TOPEKA — Gov. Laura Kelly plans to get a COVID-19 vaccine Wednesday as part of a larger program to give shots to selected Kansas officials so that state government can continue to operate during the pandemic.
The governor confirmed her plans Monday as nursing home workers and residents began receiving vaccinations, after health care workers started getting them earlier this month. A spokesman for CVS said the pharmacy company on Monday launched its efforts to provide shots in on-site clinics at more than 360 long-term care and skilled nursing homes.
The state’s vaccine distribution plan calls for providing shots first to front-line health care workers, nursing home workers and nursing home residents. But the Democratic governor disclosed during an Associated Press intervie w last week that Kansas also was looking at giving shots to people in state agencies, the Republican-controlled Legislature and the state court system to preserve “continuity of operations” in state government.
Kelly said a list of officials due for the shots starting Wednesday has been developed, though her office did not immediately release it. Kelly’s staff has repeatedly said that she will get vaccinated when it was “her turn.”
“That would be my turn,” she said during an impromptu interview following a Statehouse ceremony marking the weeklong Kwanzaa celebration of African-American heritage. “I will get vaccinated on Wednesday.”
Kelly’s staff also has said she would get the first of two doses of a coronavirus vaccine in a public event. She said Monday that it would happen during a news conference.
“You can have the thrill of your life,” she said, chuckling.
But Kelly could face some criticism for getting vaccinated relatively early and allowing shots now for some state officials.
“Now, I guess because she’s governor, she steps ahead of all those people who really need it the worst,” said House Majority Leader Dan Hawkins, a Wichita Republican. “That’s a shame.”
Kelly’s husband, first gentleman and Dr. Ted Daughety, received the first of two coronavirus vaccine shots last week. He is a pulmonologist and sleep disorder specialist who came out of retirement earlier this month help screen patients at a clinic awaiting surgery for COVID-19 and other diseases.
Members of Congress also have been vaccinated, including retiring Kansas Sen. Pat Roberts. The governor’s Facebook page last week posted a short video of the 84-year-old Republican senator getting the first of two shots, wearing a cowboy hat and a shirt with a Kansas State University logo.
In the video, Roberts says Kelly wanted him to talk about the vaccine as he got his shot, adding, “She’s pretty tough.” He says he finds wearing a mask a “chore” because his glasses fog up but says getting the vaccine will help the state overcome COVID-19.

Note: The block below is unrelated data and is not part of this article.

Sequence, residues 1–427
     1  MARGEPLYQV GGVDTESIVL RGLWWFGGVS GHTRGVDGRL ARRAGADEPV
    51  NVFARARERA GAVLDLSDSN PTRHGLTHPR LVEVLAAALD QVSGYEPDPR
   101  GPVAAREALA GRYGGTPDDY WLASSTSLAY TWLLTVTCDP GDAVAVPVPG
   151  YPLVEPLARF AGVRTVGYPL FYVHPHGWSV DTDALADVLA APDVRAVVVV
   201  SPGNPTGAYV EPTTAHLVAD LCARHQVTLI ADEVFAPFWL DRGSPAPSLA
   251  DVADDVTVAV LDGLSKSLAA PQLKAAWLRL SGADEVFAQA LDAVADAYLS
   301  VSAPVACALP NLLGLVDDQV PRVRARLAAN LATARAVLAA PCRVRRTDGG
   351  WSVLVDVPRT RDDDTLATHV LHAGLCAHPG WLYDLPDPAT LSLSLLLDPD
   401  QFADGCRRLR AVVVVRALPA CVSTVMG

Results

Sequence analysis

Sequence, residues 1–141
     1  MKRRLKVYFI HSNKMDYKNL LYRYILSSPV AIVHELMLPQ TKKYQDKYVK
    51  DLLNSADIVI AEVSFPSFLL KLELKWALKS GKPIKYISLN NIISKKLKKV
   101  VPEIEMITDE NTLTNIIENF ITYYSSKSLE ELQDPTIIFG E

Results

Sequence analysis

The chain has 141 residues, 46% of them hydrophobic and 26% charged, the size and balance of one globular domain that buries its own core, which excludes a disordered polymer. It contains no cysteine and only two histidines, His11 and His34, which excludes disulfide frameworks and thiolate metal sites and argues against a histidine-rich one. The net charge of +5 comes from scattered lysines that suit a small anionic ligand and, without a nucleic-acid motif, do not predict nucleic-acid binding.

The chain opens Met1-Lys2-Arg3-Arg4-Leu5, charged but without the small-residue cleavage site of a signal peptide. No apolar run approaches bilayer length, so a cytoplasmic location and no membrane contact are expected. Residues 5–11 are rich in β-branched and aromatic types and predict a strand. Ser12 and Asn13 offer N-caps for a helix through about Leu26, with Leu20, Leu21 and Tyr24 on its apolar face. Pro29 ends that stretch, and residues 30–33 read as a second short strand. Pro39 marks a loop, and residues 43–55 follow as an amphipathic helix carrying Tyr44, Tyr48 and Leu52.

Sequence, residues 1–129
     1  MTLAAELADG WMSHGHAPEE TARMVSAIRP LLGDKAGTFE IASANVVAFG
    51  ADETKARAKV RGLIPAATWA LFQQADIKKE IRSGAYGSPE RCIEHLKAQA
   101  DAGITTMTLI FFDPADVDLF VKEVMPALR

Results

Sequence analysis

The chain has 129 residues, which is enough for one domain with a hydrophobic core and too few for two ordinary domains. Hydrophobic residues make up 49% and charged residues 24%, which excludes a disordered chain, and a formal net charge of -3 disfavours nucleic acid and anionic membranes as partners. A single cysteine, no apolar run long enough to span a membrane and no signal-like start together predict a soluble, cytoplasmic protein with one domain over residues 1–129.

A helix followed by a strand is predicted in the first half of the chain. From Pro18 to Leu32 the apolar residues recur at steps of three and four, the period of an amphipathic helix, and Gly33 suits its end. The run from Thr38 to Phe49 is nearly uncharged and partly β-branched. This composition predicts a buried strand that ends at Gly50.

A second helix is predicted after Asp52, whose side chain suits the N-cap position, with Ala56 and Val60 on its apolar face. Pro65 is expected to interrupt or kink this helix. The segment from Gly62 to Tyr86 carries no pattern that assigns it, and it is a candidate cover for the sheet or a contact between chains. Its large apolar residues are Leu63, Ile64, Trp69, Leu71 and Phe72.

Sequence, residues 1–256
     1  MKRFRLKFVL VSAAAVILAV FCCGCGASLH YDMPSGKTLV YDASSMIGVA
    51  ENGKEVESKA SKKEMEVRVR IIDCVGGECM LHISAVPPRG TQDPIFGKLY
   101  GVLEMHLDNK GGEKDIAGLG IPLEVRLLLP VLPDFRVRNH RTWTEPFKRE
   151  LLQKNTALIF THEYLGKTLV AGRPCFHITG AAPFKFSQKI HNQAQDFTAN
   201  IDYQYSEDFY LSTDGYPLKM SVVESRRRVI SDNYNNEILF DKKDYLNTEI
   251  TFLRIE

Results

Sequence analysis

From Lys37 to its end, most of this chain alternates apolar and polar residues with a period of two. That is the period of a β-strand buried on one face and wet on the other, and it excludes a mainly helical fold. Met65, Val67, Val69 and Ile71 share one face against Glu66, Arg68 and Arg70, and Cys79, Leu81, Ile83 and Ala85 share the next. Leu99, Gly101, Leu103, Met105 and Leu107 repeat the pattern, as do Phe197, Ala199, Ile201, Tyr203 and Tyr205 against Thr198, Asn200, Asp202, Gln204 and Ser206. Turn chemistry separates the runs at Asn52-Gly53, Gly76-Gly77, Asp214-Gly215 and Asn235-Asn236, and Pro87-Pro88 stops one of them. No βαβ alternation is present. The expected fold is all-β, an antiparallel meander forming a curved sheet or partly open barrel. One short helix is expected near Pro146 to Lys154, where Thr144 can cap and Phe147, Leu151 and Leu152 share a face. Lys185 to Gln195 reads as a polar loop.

After he gets his shot Roberts says: “It didn’t hurt a bit, folks. Get your vaccine.”
Kelly said earlier this month that state lawmakers wouldn’t get special treatment that would allow them to get their vaccines ahead of people of similar ages or in similar medical conditions. Top Republican lawmakers said that was the appropriate policy, with Hawkins saying, “I’m not better than anybody else.”
Hawkins repeated that sentiment Monday and said he doesn’t expect to get vaccinated until March or April.
Meanwhile, CVS said it expects to vaccinate nearly 40,000 of the state’s most vulnerable patients over the next 12 weeks. Like other states, Kansas is working with pharmacy companies CVS and Walgreens to get vaccines administered at nursing homes.
In central Kansas, staff and residents at McPherson Health and Rehab were vaccinated Monday, according to administrator Shelby Kendrick.
The state health department said the home had 17 cases from Dec. 9 to Dec. 23, but Kendrick said it expects all infected staff and patients to complete quarantines by Wednesday. She said she thinks the vaccine shows residents that “the light at the end of the tunnel is coming.”
“We are very excited to be one of the first providers in health care to assist residents in being able to see their family members again,” Kendrick said.
Kansas has reported more than 216,000 confirmed and probable coronavirus cases since the pandemic reached the state in early March, or one case for every 13 of its 2.9 million residents. The state added 6,373 cases to its pandemic total since Wednesday, and it averaged 1,637 new cases a day for the seven days ending Monday, though that period includes Christmas.
The state also added 41 additional COVID-19 deaths to its tally since Wednesday to bring the total to 2,548, or one death for every 1,143 residents.